PR is about much more than sound bites, but I heard so many nuggets of wisdom at PRWeek's inaugural Global Congress in Barcelona that, in the spirit of Twitter, I felt compelled to share them with you.
The panels, speeches, and debates comprised a genuine global conversation encompassing the common issues of authenticity, reputation, culture, activating effectively across multiple markets, thinking global while acting local, measurement, and effectiveness.
The role of PR
José Manuel Velasco, GM of communications and CSR, FCC Citizen Services: "Having access to more information doesn’t necessarily mean being more informed, sometimes it just results in more noise and confusion. PR has the choice at the moment whether it wants to be the main character in the movie, or a supporting actor."
Penny Studholme, VP corporate affairs, EMEA, Cargill: "In a crisis situation, it’s worth remembering that the only person in the C-suite conversation who isn’t after the CEO’s job is the CCO."
"An effective PR function is not intrusive, it is a facilitator," Margery Kraus, founder and CEO, APCO Worldwide
Andrew Grill, global partner, social business, IBM: "If someone on LinkedIn or Twitter says that they are influential on their profile, the likelihood is they are not."
IBM’s Grill: "You have to have value to add - then you’ll become part of the conversation. To build authentic advocates, find people who actually use your product and get to the truth. Social media is the best piece of market research that you’ve never commissioned, but the number of followers an influencer has doesn’t necessarily equate to real influence."
Veronica Botet, global digital and social media PR manager, GE Healthcare: "Social is at the root of everything we do in communications today."
Chris Hogg, deputy head of global media relations, Nestlé: "Nestle is on a journey to get social right. It has improved a lot in the past two years, but we’re not there yet. The job of the communicator is to be relentlessly reasonable, on every social media channel. Sometimes silence is the best measure of your social media activity – it means you’ve had no social media fails."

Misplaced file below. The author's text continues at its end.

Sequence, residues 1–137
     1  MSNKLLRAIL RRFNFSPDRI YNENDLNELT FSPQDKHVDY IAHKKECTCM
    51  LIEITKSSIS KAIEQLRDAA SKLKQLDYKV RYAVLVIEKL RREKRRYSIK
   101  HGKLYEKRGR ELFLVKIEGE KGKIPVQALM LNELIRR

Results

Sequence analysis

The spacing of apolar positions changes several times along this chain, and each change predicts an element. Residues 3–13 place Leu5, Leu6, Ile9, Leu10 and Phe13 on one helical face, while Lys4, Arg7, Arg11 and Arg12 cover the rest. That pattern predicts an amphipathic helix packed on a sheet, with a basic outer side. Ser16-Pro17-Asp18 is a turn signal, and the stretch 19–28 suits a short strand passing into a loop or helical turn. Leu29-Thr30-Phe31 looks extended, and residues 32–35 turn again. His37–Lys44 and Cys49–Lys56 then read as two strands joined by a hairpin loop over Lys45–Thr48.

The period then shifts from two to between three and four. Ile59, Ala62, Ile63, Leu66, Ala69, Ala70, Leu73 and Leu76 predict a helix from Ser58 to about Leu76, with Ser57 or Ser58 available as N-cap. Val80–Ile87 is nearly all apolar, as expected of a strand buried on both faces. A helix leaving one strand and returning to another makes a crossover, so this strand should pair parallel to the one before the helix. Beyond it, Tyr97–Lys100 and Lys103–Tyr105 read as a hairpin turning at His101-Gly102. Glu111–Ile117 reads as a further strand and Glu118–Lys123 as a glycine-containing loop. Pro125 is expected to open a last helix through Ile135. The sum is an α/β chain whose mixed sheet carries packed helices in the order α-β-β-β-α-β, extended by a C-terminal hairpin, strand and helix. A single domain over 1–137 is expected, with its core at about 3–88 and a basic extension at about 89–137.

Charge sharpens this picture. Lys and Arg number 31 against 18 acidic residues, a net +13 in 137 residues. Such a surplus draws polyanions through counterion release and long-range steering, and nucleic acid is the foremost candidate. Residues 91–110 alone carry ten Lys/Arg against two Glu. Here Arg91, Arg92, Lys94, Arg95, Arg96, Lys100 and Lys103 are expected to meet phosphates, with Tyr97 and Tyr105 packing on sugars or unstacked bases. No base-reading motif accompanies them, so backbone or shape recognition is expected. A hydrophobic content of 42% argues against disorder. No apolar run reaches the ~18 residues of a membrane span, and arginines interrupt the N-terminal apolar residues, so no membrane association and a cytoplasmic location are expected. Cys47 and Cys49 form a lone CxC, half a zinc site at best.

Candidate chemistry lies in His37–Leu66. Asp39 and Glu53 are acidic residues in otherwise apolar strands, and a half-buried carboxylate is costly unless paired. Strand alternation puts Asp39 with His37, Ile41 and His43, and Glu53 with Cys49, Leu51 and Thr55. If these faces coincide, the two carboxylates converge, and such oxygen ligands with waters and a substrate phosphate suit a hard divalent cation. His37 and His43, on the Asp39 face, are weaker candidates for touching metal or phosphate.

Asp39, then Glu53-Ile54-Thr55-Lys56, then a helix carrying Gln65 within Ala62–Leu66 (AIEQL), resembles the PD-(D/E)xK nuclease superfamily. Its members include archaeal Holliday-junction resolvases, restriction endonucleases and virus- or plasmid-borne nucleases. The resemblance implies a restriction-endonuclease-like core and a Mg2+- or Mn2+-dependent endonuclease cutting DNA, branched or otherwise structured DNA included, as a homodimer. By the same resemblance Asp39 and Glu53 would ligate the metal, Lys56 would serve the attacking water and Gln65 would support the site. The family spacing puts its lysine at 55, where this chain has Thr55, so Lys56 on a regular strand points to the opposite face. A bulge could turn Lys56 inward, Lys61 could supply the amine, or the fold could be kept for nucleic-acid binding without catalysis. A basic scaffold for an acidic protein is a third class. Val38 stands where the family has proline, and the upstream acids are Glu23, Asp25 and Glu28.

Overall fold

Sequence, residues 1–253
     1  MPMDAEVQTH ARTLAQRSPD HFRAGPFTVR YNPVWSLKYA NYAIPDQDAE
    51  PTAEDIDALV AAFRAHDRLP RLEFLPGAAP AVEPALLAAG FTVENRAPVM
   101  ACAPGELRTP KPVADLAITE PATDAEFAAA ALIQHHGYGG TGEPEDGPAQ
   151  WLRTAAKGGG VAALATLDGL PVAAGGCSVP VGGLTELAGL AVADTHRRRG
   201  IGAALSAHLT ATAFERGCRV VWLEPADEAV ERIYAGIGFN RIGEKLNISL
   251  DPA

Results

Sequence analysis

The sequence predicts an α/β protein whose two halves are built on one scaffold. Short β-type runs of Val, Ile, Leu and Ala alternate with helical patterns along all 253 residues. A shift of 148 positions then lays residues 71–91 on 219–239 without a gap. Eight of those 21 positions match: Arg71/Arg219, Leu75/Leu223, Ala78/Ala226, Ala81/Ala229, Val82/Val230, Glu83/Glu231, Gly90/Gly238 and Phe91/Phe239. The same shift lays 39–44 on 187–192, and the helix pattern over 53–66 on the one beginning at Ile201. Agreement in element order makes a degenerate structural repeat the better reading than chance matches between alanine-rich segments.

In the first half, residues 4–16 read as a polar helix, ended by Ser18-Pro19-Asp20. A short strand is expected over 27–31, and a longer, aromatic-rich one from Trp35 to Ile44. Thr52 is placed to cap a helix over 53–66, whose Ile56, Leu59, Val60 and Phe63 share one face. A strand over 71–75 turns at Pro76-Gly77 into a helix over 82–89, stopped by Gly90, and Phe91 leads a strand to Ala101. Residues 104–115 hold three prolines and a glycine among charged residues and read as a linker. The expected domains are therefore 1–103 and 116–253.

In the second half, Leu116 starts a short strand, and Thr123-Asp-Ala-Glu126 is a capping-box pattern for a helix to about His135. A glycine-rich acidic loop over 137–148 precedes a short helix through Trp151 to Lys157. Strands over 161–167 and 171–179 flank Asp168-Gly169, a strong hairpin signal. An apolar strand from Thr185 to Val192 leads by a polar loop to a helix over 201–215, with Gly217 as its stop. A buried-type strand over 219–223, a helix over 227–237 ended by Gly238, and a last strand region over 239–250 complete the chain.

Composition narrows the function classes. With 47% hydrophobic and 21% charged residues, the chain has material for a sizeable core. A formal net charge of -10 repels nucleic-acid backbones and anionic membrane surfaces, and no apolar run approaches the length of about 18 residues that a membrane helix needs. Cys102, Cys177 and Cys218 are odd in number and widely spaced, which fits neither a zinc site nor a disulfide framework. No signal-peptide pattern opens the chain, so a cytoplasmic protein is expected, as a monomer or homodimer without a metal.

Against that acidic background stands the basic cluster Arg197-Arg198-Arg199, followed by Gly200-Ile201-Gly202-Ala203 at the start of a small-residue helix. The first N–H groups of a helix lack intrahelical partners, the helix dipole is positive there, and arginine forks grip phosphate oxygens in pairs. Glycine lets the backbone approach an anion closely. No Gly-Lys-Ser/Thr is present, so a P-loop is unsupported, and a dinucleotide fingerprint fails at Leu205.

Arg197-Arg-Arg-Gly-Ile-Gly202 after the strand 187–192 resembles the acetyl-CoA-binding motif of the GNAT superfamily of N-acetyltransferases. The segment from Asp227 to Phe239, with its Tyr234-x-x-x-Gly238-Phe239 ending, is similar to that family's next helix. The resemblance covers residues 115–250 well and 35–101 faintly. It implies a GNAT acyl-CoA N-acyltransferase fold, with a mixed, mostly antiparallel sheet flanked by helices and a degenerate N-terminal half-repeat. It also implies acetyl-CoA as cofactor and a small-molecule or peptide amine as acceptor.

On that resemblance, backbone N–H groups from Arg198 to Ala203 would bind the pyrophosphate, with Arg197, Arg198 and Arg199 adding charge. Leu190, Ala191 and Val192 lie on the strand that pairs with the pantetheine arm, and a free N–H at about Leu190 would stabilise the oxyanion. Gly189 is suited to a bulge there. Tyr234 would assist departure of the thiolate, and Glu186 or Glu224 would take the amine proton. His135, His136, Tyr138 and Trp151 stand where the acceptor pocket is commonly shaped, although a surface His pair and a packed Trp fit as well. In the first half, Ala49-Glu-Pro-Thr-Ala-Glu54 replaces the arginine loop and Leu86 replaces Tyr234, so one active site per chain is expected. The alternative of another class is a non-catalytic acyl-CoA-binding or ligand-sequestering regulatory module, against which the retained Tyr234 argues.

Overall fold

The role of the CCO
Marjorie Benzkofer, global leader, reputation management practice, FleishmanHillard: "A good CCO should understand that their work is completely tied to the performance of the business. We should crunch communications and marketing together into a third space overseeing brand and reputation. For this, we need a new generation of talent, focused around issues rather than channels."
Roger Bolton, president, Arthur W. Page Society, said: "Nobody ‘owns’ the CCO role, so in a way everyone owns it. An effective CCO is a convener who automatically brings everyone into the market. The CCO who works for the CEO is the only one with an overarching role across the whole organization."
Bjorn Edlünd, chairman, Europe & CIS, Edelman, said: "The CCO role is either expanding or shrinking, depending on your perspective. If you think it’s just about reputation management, then it is shrinking. If you think it’s a cross-functional role dealing with marketing, HR, sales, and communications, then it is expanding."
GE’s Botet: "You can’t leave it to others to construct your reputation."
Nestle’s Hogg: "Global multinational businesses have a bad reputation. We must start to show we have a human face to improve this."
Cargill’s Studholme: "Corporations are the uninvited guest to the party, so you’d better make sure you add some value. Don’t turn up to a beach party in a tuxedo."
Cargill’s Studholme: "In a world where nothing can be hidden, you’d better have nothing to hide."
IBM’s Grill: "Make content shareable and staff will share it."